Like Paris, Berlin or Barcelona, New York is also trying to crack down on these tourist hirings, accused of helping to reduce the supply of affordable housing, against a backdrop of multiple complaints from residents faced with the parade of tourists in their building.
The mayor of New York has sued Monday a real estate group accused of renting unlawfully on Airbnb about 130 apartments, new episode of the battle between the city platform and professional rental, accused of contributing to soaring rents.
According to the complaint, the city accuses the Metropolitan Property Group (MPG), a large New York real estate company, five of its agents and 18 affiliates, of renting apartments through Airbnb in at least five New York buildings – four in the heart of Manhattan, one in East Harlem – in violation of a New York law prohibiting rental for less than 30 days when the official occupant of the apartment is absent.
MPG, the agents and the companies would have received about 21 million dollars from the rental of these 130 apartments, corresponding to some 55,000 overnight stays, according to the text of the summons, which presents MPG as one of the main hirers of the platform to New York.
The complaint, filed in the New York State Supreme Court, says the apartments were offered via some 250 ads representing 101 different accounts on Airbnb. If the names associated with these accounts differ, the phone numbers are often the same, says the city.
Contacted, a lawyer from MPG refuted all charges.
The city “has taken a publicity stunt, but it’s just inaccurate,” said Doug Pick.
According to him, of the five officers incriminated in the complaint, three have not worked for MPG since 2017 and the other two are the owner of MPG and his wife, implicated as such. And the 18 accused companies have no affiliation with MPG.
Why would a lessor like MPG “compete with himself by offering his flats via Airbnb?”, He said. “It does not mean anything”.
If the role of MPG is disputed, the presence of professional hirers on Airbnb is not, even if the platform ensures they are marginal.
“The illegal hotels deprive the New Yorkers of valuable housing and destabilize our neighborhoods,” said the mayor Democrat Bill de Blasio in a statement, saying he decided to “crack down” against “professional operators.”
In early January, however, the city suffered a defeat: a federal judge suspended the entry into force of a decree forcing Airbnb to communicate to the city the list of its hosts from February, considering it unconstitutional. However, a judgment is still expected on the merits.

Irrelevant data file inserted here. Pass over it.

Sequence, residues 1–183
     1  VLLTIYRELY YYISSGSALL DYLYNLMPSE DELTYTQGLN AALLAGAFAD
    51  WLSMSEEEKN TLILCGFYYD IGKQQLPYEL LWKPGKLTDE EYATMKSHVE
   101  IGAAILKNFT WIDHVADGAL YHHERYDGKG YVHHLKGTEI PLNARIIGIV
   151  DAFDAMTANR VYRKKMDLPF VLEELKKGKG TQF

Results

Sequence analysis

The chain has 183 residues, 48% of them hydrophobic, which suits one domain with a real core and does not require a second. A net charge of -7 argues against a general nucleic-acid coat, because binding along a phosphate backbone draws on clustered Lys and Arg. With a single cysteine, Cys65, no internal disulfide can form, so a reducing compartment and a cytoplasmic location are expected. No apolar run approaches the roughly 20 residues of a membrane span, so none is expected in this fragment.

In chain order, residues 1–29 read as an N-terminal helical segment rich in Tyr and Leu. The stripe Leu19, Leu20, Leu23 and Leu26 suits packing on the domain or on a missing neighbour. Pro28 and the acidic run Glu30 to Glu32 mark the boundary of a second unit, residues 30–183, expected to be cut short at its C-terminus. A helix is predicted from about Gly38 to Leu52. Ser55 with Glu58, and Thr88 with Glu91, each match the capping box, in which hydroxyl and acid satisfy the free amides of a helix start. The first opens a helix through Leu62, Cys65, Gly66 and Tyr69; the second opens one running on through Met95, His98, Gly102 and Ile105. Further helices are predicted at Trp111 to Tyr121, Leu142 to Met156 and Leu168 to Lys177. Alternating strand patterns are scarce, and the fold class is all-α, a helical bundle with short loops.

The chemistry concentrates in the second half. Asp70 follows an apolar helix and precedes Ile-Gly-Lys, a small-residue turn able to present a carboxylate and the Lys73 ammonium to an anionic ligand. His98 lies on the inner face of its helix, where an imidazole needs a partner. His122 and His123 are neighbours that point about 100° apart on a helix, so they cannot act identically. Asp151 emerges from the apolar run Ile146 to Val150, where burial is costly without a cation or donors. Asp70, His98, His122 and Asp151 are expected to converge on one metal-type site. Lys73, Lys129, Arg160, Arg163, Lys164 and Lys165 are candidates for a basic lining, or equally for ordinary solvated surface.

Record fines for illegal tourist rentals in Paris
The amount of fines imposed to punish illegal tourist rentals in Paris has almost doubled in 2018 to reach 2.1 million euros in 2018 in a context of strengthened controls and convictions hailed by the deputy’s housing assistant. the mayor of Paris, Ian Brossat. In 2017, the total amount of these fines reached 1.3 million euros.
“This record shows the effectiveness of our policy that is beginning to bear fruit,” said the elected Paris PCF in an interview with the Parisian, noting also that “tourism rental professionals who turn their property into a machine cash are punished more severely than in the past. “
According to figures released by the daily, 118 convictions were pronounced in the capital last year for illegal rentals of tourist furniture.
For Ian Brossat, who points out that the number of ads posted on rental platforms type Airbnb, Homeway or Abritel, for example, has stabilized for a little over a year, the “next challenge is to recover the housing become tourist furniture “to” stop the haemorrhage of the Parisian population “.
“Our goal is not to kill the offer of tourist rentals, but to regulate so that this market does not compete with that of housing,” said the elected, stating that the legal advertisements “are intended to continue”.
However, he declares that his proposal to ban Airbnb rentals in the center of Paris “will be a structuring topic of the next municipal”.
The Good Corner also in the crosshairs
Ian Brossat also explains to Parisian that the mayor of Paris account “imminently” seize the possibility opened by the law Elan (Evolution of housing, development and digital) to sanction the platforms up to 50,000 euros by illegal advertisement.
“It is not normal that only fraudulent owners are convicted, and platforms that do not comply with regulations must also be sanctioned,” he says.
Airbnb, as well as Paris Attitude and Wimdu, were sued last April by the Paris city hall, which accuses them of not respecting the rules governing the rental of furnished and contribute to the drying up of the traditional real estate market that translated by a flight prices to rent.
The Californian platform was also summoned before the Commercial Court of Paris by the Union of trades and industries of the hotel industry (Umih) last November, for “unfair competition”.
Several sites offering furnished tourist rentals, including Airbnb and the Bon Coin in particular, had committed last June to the government to implement from January 2019 an automatic blocking of ads beyond the legal ceiling of 120 nights, which applies to principal residences throughout France.
This commitment relates only to announcements concerning properties located in Paris and in major French cities.